Monday, August 5, 2013

$250k+ in an Australian bank? Beware the bail-in.

Last week the AFR reported the Rudd government was looking to introduce a deposit levy (tax):
The Rudd government plans to impose an insurance levy on all bank deposits, risking a major fight with one of the best-resourced industries on the eve of the election campaign. 
Senior banking figures indicated on Thursday night they would oppose the move and depict it as a tax on bank depositors. 
The government plans to impose a 0.05 per cent insurance levy on every deposit of up to $250,000 to protect depositors against collapses. 
The banks said they will pass on the impost, which equates to 5¢ for each $100, to customers through reduced interest payments on deposits.
The banks are up in arms over who will foot the bill and there has been a media storm over the tiny fraction of a % that this insurance will cost (for example a bank would need only lower the interest rate paid on a deposit from 3.50% to 3.45% in order to recoup the cost). While the media, banks and politicians get into a scuffle over who will fund the minuscule cost of insuring funds under $250k, there seems to be no investigation or reporting by the media on what might happen to funds over the 'guarantee' limit in the case of a bank failure...

Eric Sprott said the following in a recently released interview:
“The one event in my mind would be when it becomes apparent to everyone that having a deposit in a bank is a very risky situation. We saw that in Cyprus where the depositors got nailed on the bail-in. We’ve seen all these proposals to have bail-ins as the solution to the problem in the US, in Canada, in Britain, in New Zealand and in Europe. All the paperwork has been laid out.”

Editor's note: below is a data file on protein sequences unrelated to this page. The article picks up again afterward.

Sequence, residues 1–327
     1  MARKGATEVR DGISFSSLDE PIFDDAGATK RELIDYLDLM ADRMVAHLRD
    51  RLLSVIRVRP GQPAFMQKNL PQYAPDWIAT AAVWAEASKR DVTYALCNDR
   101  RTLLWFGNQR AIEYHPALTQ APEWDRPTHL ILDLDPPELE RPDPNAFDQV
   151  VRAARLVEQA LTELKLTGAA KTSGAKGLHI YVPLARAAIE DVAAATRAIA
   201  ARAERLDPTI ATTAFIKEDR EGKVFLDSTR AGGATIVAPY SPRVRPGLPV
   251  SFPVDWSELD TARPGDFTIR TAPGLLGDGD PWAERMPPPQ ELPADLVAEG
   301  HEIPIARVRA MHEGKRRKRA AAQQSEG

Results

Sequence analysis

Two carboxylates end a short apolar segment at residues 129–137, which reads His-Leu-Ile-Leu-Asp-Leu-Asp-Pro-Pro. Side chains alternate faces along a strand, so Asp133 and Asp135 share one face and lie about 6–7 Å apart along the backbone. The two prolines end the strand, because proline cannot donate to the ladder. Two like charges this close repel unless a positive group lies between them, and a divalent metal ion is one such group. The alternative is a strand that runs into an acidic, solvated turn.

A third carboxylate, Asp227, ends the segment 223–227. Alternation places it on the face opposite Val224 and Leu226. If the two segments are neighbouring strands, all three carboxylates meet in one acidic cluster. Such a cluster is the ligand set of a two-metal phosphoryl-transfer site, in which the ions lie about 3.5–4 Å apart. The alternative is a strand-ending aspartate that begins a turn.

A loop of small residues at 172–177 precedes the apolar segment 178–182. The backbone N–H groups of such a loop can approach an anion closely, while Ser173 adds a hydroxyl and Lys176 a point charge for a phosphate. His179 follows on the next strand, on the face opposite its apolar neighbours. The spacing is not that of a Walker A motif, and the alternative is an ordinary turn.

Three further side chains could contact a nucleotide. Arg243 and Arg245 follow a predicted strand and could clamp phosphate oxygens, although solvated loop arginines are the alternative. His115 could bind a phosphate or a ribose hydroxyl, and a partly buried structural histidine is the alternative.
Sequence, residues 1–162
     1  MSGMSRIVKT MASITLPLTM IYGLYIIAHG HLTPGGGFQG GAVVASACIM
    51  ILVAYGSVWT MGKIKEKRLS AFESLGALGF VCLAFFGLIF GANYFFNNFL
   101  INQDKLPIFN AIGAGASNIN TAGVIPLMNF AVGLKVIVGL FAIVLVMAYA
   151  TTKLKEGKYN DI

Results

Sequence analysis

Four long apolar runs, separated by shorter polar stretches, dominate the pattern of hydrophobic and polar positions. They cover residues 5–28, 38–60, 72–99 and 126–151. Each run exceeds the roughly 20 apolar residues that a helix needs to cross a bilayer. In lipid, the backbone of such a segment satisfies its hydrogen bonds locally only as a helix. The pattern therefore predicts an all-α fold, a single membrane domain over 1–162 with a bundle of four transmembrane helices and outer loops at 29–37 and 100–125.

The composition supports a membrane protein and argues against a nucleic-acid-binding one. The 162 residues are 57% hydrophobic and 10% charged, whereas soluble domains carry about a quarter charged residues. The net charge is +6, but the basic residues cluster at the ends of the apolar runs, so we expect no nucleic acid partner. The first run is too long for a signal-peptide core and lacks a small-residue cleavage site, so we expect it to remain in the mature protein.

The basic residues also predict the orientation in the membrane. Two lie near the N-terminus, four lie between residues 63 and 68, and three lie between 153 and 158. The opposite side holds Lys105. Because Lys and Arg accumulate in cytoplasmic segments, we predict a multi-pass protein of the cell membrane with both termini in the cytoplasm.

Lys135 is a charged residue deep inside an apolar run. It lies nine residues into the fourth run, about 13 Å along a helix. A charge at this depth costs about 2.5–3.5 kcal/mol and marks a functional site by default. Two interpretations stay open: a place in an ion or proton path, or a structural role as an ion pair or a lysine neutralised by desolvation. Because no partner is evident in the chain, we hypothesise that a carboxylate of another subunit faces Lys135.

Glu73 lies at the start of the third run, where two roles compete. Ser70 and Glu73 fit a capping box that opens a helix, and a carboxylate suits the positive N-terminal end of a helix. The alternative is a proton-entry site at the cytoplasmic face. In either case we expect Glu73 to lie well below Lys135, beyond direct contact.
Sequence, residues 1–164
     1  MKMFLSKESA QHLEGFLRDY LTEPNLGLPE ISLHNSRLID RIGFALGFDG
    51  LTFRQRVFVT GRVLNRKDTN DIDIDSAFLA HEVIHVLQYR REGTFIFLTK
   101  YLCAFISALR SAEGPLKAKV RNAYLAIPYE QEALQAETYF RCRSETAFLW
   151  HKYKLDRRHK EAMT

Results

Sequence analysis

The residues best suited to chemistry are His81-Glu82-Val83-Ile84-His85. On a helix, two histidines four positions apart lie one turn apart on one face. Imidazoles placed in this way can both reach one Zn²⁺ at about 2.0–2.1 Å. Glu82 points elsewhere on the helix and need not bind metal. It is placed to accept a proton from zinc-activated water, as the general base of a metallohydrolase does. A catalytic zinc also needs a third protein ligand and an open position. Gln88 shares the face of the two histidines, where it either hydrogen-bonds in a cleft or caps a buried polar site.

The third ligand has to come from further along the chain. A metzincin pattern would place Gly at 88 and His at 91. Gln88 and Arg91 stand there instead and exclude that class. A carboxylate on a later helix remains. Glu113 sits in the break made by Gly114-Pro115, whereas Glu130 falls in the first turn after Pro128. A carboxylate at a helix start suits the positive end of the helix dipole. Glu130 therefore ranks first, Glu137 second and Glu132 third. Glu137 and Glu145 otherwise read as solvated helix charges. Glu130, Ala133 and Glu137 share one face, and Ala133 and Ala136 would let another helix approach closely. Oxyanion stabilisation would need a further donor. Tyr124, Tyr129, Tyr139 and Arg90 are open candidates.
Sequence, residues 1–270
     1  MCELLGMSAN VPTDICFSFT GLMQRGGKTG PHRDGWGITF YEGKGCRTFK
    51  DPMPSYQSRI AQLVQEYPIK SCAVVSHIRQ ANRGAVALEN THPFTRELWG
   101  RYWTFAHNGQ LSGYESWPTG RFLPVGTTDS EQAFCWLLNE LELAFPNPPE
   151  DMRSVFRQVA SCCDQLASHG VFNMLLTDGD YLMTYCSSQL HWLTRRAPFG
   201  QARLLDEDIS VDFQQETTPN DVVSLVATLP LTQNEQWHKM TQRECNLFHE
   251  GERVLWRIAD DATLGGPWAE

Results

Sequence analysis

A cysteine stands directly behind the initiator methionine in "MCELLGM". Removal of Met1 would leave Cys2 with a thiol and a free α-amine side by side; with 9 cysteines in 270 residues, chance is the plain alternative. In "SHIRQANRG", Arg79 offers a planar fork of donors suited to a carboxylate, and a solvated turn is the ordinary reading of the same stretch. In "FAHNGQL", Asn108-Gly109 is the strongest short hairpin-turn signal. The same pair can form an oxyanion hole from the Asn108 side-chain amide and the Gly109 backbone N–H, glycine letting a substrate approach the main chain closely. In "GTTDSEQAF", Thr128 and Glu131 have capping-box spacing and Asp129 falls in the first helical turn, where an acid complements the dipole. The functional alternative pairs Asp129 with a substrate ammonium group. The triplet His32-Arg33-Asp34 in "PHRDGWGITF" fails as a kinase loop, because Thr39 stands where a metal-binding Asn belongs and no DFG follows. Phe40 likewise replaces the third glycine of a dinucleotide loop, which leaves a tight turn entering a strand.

While Sprott doesn't explicitly list Australia, keen eyed blogger 'Barnaby Is Right' captured these interesting snippets from papers that are flying about between our banks, regulators and the treasury, suggesting not only are Australian banks prepared to bail-in customer funds to get out of trouble, but will do so without any warning or disclosure to the market before such an event:
In a November 2012 Technical Note on the Financial Sector Program Update for Australia, as part of their Financial Safety Net and Crisis Management Framework, the IMF has advised that there is a problem:
[Past simulation exercises revealed the need for legislative changes to prevent premature disclosure of sensitive information. Australia’s securities disclosure regime requires, for the protection of investors, immediate and continuous disclosure of information that could reasonably be expected to have a material effect on the price or value of an ADI’s securities. There is a high probability that any resolution or crisis response measures will impact the price or value of an authorized deposit-taking institution’s (ADI’s) securities.
Poor coordination of compliance with the disclosure requirements, timing of resolution or crisis response actions, and the overall public communication strategy regarding these actions could pose risks to financial stability (e.g., through depositor runs) or thwart resolution actions (e.g., through the stripping of the ADI’s assets by insiders) or cause market disruptions. Legislative changes that reduce tension between investor protection and financial stability should be pursued.]